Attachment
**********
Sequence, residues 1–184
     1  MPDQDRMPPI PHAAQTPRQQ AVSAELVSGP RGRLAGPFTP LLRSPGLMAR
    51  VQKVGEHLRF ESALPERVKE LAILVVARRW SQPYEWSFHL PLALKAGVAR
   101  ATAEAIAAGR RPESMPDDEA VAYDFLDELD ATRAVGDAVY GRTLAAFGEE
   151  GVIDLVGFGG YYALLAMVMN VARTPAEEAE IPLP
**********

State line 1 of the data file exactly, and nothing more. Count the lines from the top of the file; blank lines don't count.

Sequence, residues 1–184